Ah, nostalgia. As Don Draper once reminded us, it’s the pain of not being somewhere that’s lost. I’m referring to this classic segment from Mad Men:
But I’m not here to talk about slide projectors. I’m here to talk about computers. Depending on who you are, you might have spent your entire life around them. Or, you may remember the days when you were first introduced to one. Either way, you’re sure to find something resonant when you look at today’s Throwback Thursday video.
This video cleverly packages its advertisements inside period-appropriate televisions, which makes them work a little better. A lot of these are pulled from old film and video tape, and the quality is a bit dicey. Making the image a little smaller really doesn’t hurt the presentation.
Of course it would be great to see someone like the Museum of Television and Radio or the Computer History Museum make a concerted effort to find the film or video masters of these commercials and scan them properly.
Two of the best
This video of course includes Apple’s “1984,” which is perhaps the most influential computer ad of all time. It aired only once, during the Super Bowl, and instantly created a legion of Apple fans who have been loyal to this day.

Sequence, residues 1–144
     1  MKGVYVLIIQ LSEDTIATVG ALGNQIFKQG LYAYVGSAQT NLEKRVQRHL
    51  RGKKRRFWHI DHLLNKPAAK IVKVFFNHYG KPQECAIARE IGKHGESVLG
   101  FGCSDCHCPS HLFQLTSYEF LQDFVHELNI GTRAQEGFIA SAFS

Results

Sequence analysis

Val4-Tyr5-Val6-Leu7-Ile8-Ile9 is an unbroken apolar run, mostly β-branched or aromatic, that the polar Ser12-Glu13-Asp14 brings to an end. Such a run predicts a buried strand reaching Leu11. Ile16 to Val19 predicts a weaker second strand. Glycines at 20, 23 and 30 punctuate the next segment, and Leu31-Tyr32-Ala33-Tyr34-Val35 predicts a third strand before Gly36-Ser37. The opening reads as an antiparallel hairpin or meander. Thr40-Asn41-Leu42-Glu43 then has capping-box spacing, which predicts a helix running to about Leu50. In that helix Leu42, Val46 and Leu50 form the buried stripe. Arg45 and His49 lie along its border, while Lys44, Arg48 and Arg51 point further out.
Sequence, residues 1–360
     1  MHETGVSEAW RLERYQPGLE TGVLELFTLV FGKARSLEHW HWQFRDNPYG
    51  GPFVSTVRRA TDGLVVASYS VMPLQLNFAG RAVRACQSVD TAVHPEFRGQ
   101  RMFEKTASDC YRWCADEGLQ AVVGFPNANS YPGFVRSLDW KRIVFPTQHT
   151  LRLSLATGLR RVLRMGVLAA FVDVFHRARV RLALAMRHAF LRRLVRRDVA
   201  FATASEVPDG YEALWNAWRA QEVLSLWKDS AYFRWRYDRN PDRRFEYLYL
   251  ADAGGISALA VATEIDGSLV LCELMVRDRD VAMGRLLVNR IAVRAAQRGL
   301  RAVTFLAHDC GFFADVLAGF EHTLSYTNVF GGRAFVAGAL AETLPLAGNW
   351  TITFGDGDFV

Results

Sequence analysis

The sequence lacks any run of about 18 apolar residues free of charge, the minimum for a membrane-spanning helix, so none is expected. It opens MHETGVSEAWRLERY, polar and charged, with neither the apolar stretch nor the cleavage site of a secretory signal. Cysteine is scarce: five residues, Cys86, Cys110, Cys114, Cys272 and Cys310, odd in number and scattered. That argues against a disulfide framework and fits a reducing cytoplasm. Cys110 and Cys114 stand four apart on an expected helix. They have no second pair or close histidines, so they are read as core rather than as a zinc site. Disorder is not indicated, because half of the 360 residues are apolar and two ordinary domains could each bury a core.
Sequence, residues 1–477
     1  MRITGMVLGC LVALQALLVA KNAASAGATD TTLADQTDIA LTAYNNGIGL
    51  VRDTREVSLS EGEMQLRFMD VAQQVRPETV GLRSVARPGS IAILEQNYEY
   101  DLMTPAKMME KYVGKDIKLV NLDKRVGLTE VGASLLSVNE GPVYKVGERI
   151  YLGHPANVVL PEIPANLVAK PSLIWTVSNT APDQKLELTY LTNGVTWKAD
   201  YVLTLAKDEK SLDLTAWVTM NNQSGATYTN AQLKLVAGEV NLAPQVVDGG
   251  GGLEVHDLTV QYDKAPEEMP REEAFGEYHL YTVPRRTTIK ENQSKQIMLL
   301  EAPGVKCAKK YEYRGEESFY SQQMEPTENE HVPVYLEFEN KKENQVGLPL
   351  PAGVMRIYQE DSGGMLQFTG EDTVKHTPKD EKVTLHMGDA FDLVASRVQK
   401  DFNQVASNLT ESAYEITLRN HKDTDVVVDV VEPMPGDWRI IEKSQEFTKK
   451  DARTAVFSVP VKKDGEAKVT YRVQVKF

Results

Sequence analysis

The other is 1995’s “Start Me Up,” which marked the first time that Microsoft advertised an operating system launch. Windows 3.0 and 3.1 had put Microsoft products in front of millions, and now here was the first mainstream, retail upgrade experience. It was the first appearance of the “Start” button, making the song resonate. The line “You make a grown man cry,” which was also fairly appropriate for Windows 95, doesn’t appear in the commercial, but anyone familiar with the song remembered it.
Hi, I’m a Mac
The “I’m a Mac” campaign from the 2000s is represented as well, although I think perhaps they didn’t choose the most iconic one. If you’re interested in that well-regarded campaign, here’s 10 minutes of commercials.
I’ll have to ask you if that is before, or after taxes
If you really want a deep dive into how computers were promoted to the general public in the past, check out this clip from See it Now, one of the first documentary TV shows. The narrator is the legendary Edward R. Murrow, and the citation says that the program aired in 1951.
The irony of computer commercials in the first place
Of course now we tend to laugh at the very idea of advertising computers on a television. Computers are everywhere, and we don’t need TV ads to tell us that. TV is still an important way to get some kinds of information across, but the idea that tech-forward folks would make their buying decisions based on live linear TV is a bit silly-sounding at the least. But remember that for most of the history of computers, there was no internet advertising, and television was the only way to go.
At least it’s fun to watch these videos now.